The Power Of The Purse: When Money Outweighs Politics

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The Power Of The Purse: When Money Outweighs Politics

Sustainable investing – which aims to integrate ESG considerations with investment criteria – is at the centre of a deep political divide in the United States. This divide came to the fore in March, when Joe Biden rejected a congressional measure to block a Labor Department rule that would allow pension fund managers to consider ESG factors in investment decisions.

Wall Street’s largest investment firms are finding themselves in the firing line. In December 2022, the Texas Senate Committee questioned executives from BlackRock and State Street on whether their ESG policies are hindering state pension investments and asked to clarify their participation in rulemaking on ESG standards. BlackRock was dealt another blow that month when Florida’s chief financial officer announced his department would be withdrawing $2 billion worth of assets managed by BlackRock, citing its ESG stance.

The investment community is undergoing a gradual shift from viewing sustainability as simply a means of doing good to re-evaluating how they make money. BlackRock has maintained a consistent approach to climate-related engagements, despite anti-ESG sentiments. In its Engagement Priorities, published in March 2023, BlackRock emphasizes its commitment to understanding how businesses manage risks and capitalize on opportunities, continuing to encourage firms to follow the Task Force on Climate-related Financial Disclosures (TCFD) reporting guidance.

BlackRock is not alone in taking a tougher stance on ESG matters. Since January 2022, State Street has required firms to provide TCFD-aligned disclosures. In February 2023 Norway’s Sovereign Wealth Fund, which manages nearly $1.2 trillion (14 trillion NOK), warned the 9,200 firms in which it holds a stake that it will vote against the re-election of business directors if they do not adequately address ESG concerns.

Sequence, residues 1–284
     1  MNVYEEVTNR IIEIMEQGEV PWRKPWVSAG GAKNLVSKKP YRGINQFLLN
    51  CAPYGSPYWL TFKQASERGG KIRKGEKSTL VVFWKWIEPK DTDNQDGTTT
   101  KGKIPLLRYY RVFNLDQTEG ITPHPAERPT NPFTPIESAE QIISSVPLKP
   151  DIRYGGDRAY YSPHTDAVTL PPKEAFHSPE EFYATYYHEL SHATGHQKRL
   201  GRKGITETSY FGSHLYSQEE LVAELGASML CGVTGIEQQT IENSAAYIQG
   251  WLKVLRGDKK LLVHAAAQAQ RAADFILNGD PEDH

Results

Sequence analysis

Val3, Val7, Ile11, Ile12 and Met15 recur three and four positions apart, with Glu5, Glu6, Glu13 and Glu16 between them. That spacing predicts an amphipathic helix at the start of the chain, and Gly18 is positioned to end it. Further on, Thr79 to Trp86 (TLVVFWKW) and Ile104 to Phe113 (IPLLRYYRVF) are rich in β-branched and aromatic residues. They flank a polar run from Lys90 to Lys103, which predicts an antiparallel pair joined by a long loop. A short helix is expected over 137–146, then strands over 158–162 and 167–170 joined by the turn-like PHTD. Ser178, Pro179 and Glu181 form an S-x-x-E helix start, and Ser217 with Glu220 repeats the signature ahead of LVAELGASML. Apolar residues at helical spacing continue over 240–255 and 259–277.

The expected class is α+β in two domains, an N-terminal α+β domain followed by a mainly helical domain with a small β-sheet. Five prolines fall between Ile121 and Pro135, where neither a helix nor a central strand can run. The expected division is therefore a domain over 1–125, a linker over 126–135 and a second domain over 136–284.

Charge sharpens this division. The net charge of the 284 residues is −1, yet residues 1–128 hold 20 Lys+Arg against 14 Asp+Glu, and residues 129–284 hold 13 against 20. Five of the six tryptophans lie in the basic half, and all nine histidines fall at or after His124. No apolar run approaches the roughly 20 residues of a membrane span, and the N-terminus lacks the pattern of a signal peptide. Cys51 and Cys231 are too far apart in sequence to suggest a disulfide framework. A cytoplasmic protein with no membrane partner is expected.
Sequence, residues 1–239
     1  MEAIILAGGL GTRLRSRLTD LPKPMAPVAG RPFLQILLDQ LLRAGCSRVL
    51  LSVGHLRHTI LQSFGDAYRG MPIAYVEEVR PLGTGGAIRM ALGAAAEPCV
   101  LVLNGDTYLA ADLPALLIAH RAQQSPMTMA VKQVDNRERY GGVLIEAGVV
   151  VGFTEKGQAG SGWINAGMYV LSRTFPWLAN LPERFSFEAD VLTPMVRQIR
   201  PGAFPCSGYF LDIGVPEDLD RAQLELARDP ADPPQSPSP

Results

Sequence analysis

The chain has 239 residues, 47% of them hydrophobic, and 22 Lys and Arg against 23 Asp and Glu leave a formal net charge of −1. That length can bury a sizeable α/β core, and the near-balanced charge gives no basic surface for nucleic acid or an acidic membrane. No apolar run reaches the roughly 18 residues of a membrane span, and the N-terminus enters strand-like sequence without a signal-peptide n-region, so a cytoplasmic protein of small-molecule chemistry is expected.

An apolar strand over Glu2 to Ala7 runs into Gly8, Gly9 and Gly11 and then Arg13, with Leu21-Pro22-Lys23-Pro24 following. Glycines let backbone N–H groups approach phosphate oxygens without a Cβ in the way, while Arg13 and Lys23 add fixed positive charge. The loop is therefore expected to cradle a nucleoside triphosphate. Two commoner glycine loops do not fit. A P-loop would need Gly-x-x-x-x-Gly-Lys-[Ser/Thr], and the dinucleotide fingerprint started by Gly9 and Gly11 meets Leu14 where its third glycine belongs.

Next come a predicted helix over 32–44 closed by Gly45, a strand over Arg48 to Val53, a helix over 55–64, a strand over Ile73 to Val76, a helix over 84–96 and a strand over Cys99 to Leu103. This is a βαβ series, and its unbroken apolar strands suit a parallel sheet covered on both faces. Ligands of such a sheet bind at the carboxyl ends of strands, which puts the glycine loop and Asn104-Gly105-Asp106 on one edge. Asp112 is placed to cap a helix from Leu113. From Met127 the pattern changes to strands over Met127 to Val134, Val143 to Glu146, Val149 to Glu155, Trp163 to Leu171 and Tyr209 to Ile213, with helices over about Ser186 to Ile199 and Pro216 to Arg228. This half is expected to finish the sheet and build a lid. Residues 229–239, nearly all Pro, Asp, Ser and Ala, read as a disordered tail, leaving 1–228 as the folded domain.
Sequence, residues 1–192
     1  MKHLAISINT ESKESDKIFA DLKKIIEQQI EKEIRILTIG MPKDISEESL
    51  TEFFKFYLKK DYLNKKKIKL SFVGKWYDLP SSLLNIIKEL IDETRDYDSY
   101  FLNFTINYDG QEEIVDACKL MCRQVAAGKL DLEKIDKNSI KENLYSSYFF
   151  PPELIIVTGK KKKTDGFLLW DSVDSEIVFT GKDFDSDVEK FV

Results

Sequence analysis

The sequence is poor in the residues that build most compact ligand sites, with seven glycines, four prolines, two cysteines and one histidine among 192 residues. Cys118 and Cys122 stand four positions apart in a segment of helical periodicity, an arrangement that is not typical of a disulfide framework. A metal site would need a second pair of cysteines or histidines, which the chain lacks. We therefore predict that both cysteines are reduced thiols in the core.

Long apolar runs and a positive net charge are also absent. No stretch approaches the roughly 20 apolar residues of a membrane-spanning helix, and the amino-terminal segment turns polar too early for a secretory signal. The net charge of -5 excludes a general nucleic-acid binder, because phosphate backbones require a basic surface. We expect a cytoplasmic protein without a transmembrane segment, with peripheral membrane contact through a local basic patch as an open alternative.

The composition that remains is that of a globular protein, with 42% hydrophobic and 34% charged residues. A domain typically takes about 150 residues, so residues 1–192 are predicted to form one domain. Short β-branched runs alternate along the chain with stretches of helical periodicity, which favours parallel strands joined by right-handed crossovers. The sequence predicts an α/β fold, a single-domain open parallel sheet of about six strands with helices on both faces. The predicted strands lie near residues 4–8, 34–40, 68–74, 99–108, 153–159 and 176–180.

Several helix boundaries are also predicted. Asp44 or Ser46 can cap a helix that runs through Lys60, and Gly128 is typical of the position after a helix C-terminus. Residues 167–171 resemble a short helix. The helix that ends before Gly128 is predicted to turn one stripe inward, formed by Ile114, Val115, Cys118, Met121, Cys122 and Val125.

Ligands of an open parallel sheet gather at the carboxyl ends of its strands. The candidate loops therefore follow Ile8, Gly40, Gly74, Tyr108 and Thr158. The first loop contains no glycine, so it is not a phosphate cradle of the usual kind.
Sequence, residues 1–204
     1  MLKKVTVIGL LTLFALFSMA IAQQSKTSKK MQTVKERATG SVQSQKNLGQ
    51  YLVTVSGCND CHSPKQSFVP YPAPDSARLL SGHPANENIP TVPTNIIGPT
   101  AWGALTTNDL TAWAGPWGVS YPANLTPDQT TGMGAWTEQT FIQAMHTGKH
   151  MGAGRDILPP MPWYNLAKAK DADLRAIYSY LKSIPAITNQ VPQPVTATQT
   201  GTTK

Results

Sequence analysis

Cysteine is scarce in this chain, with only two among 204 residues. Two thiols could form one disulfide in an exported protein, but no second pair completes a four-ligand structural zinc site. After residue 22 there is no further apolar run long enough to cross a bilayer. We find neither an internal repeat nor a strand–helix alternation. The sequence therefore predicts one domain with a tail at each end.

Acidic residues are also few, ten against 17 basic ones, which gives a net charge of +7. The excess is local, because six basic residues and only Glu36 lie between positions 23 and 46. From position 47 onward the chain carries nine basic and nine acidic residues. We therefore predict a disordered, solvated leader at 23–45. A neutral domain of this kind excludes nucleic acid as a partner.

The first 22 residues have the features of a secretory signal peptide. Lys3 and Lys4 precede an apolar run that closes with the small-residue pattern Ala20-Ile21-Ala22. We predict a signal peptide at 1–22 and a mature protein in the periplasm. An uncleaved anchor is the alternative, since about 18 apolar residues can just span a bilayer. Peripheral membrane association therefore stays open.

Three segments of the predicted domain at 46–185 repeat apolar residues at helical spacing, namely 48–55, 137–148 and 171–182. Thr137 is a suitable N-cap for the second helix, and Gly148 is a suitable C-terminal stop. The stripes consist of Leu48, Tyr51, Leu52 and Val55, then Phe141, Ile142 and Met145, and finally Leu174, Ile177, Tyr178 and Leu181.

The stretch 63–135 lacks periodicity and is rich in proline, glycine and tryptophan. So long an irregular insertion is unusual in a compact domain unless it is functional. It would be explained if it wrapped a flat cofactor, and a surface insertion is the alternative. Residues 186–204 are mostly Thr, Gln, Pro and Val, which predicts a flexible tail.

What should CEOs take from these developments? No matter how political an issue is, money talks. Firms cannot afford to overlook the requirements cascading down from their shareholders and the risks associated with non-compliance.

Organizations must prioritize transparency in their sustainability strategies and ensure they have the necessary information systems needed to satisfy shareholder requirements for investor-grade data. Corporate leaders must operationalize sustainability by making it the realm of all job functions and leveraging existing skills to streamline data collection and break down information silos. Given the complexities of complying with climate-related disclosures, firms will need to explore the feasibility of creating a climate advisory board, designed to advise on regulatory developments and oversee climate-related risks and opportunities.

For more information on how firms can address shareholder and regulatory ESG demands, check out Verdantix Strategic Focus: Organizations And The Rise Of ESG and Verdantix Market Insight: Digital Functionalities To Manage ESG Risks.

Luke Gowland

Industry Analyst

Luke is an Industry Analyst in the Verdantix ESG & Sustainability practice. His current research agenda focusses on emerging technologies and trends in the ESG software space. Prior to joining Verdantix, Luke worked as an analyst at GlobalData where he gained experience in ESG and key business technologies. Luke holds an MSc in Sustainability and Management from the University of Bath.